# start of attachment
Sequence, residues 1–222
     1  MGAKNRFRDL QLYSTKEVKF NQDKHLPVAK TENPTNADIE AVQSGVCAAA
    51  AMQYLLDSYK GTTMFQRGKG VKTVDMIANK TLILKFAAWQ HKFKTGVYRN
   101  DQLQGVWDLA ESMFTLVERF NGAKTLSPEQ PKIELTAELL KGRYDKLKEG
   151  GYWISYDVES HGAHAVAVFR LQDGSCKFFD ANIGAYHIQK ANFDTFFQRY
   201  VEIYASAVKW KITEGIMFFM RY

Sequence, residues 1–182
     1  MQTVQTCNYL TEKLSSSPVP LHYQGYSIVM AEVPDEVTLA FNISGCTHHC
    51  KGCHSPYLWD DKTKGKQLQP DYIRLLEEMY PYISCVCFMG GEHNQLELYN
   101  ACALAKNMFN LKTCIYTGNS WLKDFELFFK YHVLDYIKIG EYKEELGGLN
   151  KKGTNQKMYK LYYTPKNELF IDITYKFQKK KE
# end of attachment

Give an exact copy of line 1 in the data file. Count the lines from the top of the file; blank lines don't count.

Sequence, residues 1–222